The colour of whale sharks has been reported as ranging
from blue-grey to grey-brown, with a ‘checkerboard’ pattern of lines and spots on the dorsal and lateral surfaces. The ventral surface of these sharks typically has a light white colouration.
The size at birth of whale sharks is between 58 – 64 cm.
The whale shark is the most fecund of any shark, with
the only pregnant female ever recorded with a litter size in excess of 300 individuals.
Size at maturity for whale shark is suggested at between
8 – 9 m for males and around 9 m for females. 1st Dorsal fin
Pectoral fin Caudal fin TRADED PRODUCTS: Traded products derived from whale sharks include fins,
livers (liver oil), jaws, meat (fresh, frozen or salted for human consumption), stomach and intestines (for food), cartilage (used in health supplements), and skin (for leather products). While processed meat, oil and cartilage are almost impossible to identify without undertaking DNA testing in the laboratory, individual jaws, fins and fin sets can be identified more easily, especially where traded intact or only partly processed.
FINS: Shark fins are among the world’s most expensive
fishery products. They are processed to yield shark fin needles, a tasteless gelatinous product used, with other ingredients, to prepare shark fin soup, particularly in the Asian markets. Almost every species of shark have commercially valuable fins. However, the value of these is dependant on factors such as colour, size, thickness and fin needle content.
Shark fins are often graded individually according to size and colour (because of the difficulty involved to identify fins to species when imported dried). However, larger fins are worth more than smaller fins, and ‘white’ fins are generally worth more than ‘black’ fins because they have a higher needle content. Grading systems differ considerably between countries, and may also
take into account water content, rehydration capacity, number and length of needles, degree of whiteness, presence of blemishes and the general quality of initial processing. Whale and basking shark fins tend to demand high prices in the marketplace because of their relatively large size.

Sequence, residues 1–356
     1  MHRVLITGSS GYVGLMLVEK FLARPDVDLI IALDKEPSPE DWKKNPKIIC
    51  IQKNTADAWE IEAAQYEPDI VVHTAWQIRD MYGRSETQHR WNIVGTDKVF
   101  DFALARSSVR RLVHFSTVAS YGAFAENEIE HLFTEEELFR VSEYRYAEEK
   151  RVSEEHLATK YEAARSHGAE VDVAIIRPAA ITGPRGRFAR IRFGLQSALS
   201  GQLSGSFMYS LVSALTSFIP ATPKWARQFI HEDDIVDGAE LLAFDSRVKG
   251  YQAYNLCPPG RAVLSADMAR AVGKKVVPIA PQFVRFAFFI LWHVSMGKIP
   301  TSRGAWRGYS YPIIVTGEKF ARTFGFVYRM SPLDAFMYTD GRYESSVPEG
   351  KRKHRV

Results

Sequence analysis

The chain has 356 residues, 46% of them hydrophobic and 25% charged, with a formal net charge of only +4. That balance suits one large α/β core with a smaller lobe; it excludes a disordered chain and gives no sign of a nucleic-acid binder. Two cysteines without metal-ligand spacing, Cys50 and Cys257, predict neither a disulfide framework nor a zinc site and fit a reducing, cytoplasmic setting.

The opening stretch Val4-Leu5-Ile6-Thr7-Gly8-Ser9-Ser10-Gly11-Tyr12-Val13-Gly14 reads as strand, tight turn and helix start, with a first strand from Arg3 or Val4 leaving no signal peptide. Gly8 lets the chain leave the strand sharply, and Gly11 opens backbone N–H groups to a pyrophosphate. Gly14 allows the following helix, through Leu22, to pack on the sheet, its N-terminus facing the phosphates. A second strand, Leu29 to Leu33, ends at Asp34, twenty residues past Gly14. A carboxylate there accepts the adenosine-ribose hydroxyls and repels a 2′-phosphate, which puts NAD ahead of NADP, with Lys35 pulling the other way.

Fins usually enter international trade for the first time intact (dried or frozen) with the skin on, or semi- prepared (with the skin, cartilaginous base plate and remaining meat removed but the fibres intact). Fin shape is unaltered by removal of the skin and base plate. Further preparation of fins may include the removal of the hard cartilage of the dorsal fins and the cartilaginous platelets between the two layers of fin needles before drying.
Fins are then processed to produce fin needles or fin nets. This is carried out by soaking and boiling to remove the gelatinous fin ray membrane and expand and expose the fin needles (which occur as a bundle in the centre of the fin). Fin needles may be further processed to sun-dried fin nets.
Although there has been limited research undertaken on whale shark fins, it appears that the skeletal structure of the pectoral fins is characteristic. However, radiography is required to examine the fin cartilage in intact fins.
With the exception of the anal and pelvic fins, the fins of whale sharks are large. The 1st dorsal and tail (caudal) fins reach to over one and a half (1.5) metres in height in mature adults. They are generally grey to grey- black in colour, with few white spots distributed randomly. Pectoral fins are generally a dark grey colour on the dorsal surface (again with spots although more concentrated at the leading edge) and are essentially white on the ventral surface. The anal and pelvic fins are essentially white in colour, although the latter has some evidence of white spots on a pale grey background.
The first dorsal fin becomes more triangular as the
shark becomes larger, and is approximately triangular when the species reaches maturity (around 8m in males). The caudal fin is semi-lunate, with the upper lobe considerably larger than the lower lobe. The upper lobe has a small sub-terminal notch on the trailing edge near the top of the fin.
The dorsal fin on its own is easy to recognise as a whale shark, despite the size/maturity of the specimen, because of the white spots present. However, the 2nd dorsal fin sometimes lacks these spots in juveniles and would be more difficult to identify as that of a whale shark unless found in conjunction with the caudal, pectoral fin or 1st dorsal fin.
SHARK FIN SETS: A fin set which has the above features of: 1) a triangular
dorsal fin grey to grey-b